I am looking at Season Two of the Young Justice animated series, examining its origins in comic book lore and how the show develops its complex mixture of characters and plots. Spoilers for everything up to these episodes.
With the Season Two ending in sight, enough is going on that we get another A/B plot episode.
The episode is framed by the consequences of what happened last time. Blue Beetle is covering up his betrayal by playing the innocent, claiming Mongol escaped, taking the other heroes with him. There’s even evidence to backup up his story that Mongol used an emergency Boom Tube. Nobody seems to make to much of a deal about the use of Boom Tubes so I can only guess the Earth heroes think of it as just another teleport technology — and are ignorant of the connotations that Darkseid and Apokolips are somehow in the background.
Beetle “blames” himself for what happen. The full-activated Scarab seems to have a lot of insight into both Jaime and Dick’s personalities, doing a perfect job imitating the insecure young hero and anticipating how the protective Nightwing would react.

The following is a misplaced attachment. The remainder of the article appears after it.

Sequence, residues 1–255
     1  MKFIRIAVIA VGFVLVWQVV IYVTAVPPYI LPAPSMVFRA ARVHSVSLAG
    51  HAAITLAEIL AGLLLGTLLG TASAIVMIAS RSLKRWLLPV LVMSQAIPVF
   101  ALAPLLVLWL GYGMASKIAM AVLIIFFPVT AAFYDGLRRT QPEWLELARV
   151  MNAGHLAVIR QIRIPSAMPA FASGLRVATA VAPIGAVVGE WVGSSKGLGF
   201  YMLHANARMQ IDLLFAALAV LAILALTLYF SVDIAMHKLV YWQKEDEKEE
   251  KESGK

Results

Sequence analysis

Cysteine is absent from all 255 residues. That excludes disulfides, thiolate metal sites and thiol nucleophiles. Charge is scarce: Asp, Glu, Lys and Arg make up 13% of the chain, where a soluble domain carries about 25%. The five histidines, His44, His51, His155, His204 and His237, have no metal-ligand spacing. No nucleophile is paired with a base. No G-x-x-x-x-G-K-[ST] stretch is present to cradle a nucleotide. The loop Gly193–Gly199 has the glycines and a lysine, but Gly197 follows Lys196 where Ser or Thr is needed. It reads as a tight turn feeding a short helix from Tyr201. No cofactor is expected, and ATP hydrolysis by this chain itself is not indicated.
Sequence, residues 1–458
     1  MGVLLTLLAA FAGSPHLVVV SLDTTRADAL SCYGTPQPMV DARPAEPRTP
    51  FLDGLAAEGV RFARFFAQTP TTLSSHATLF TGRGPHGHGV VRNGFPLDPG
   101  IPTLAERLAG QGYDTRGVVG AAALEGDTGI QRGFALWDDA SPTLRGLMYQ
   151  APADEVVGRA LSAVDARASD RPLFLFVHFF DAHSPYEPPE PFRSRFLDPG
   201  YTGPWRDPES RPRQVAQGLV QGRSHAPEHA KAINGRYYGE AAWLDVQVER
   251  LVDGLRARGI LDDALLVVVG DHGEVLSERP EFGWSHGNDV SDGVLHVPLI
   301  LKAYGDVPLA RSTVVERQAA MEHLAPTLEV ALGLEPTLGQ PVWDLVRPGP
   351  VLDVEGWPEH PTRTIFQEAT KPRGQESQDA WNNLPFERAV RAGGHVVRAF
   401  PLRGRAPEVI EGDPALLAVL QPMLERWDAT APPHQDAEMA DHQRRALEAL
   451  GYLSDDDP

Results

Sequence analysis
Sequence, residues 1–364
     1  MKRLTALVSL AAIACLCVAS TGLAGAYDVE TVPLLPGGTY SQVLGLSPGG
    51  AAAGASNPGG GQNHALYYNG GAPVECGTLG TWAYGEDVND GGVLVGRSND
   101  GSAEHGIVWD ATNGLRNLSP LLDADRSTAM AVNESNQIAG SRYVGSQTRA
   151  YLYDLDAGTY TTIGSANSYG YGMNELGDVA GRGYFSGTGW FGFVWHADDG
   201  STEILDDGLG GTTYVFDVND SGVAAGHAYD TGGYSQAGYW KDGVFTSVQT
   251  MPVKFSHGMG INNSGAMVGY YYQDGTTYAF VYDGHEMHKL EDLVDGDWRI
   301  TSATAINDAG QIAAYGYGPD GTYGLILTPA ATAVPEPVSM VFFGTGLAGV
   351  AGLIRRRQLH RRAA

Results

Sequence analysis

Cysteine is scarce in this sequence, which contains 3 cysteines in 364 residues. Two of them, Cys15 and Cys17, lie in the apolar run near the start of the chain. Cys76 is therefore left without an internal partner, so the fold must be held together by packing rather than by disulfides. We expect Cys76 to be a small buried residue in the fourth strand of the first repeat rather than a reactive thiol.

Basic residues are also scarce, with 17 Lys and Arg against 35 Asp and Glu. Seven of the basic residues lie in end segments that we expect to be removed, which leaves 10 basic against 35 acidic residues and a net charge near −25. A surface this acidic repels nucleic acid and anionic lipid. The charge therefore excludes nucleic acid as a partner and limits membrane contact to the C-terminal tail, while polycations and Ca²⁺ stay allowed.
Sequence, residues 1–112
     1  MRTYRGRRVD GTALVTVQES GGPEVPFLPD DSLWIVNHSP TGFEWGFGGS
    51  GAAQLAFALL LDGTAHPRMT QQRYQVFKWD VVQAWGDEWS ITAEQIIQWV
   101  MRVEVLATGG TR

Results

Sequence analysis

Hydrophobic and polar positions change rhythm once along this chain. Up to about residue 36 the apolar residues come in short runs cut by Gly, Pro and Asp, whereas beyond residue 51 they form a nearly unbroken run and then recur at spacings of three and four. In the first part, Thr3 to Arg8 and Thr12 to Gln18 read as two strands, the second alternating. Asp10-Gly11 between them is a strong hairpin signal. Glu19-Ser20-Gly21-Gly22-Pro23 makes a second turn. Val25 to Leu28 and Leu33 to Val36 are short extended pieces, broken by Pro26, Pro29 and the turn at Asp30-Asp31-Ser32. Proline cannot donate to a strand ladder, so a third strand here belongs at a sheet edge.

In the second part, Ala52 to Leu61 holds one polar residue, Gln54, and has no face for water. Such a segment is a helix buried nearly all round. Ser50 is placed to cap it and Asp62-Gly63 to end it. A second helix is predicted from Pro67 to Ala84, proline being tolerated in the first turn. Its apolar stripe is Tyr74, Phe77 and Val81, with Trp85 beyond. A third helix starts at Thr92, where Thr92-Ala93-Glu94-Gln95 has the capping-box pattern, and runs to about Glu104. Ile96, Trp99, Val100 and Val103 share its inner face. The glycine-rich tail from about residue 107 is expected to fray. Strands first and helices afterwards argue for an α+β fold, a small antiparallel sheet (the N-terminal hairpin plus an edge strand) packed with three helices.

Even with all that going, the main plot is what’s going on aboard Black Manta’s sub. I’m not even going to try and untangle all the factions involved here, how many different groups are sneaking around, who all is pretending to be someone else, pretending to be someone pretending to be yet someone else, or the multi-layered family/friend/rival/enemy relationships are at play. It’s Shakespearean in the complexity of secrets, disguises, and sudden reveals. It’s a lot of fun, my only narrative criticism being how much everything neatly returns to the status quo that existed before this whole story arc began. At least Miss Martian finally knows the truth of Aqualad and Artemis’s undercover mission (though Cheshire and Sportsmaster know as well now…).
The focus then returns to Nightwing on the captured WarWorld. Like his mentor Batman, Dick is a detective. His investigation of the Mongol fight turns up evidence that all is not as Blue Beetle described it. Even worse Jaime, himself is now appearing on TV as the Reach’s advocate and pet superhero, a role he’d never would have been comfortable with before.
I am looking at Season Two of the Young Justice animated series, examining its origins in comic book lore and how the show develops its complex mixture of characters and plots. Spoilers for everything up to these episodes.
This episode rapidly builds up to a whirlwind of action. It is the nature of this season that each chapter isn’t just “an episode” but an progression of the story where things happen and the situation in an irrevocable way.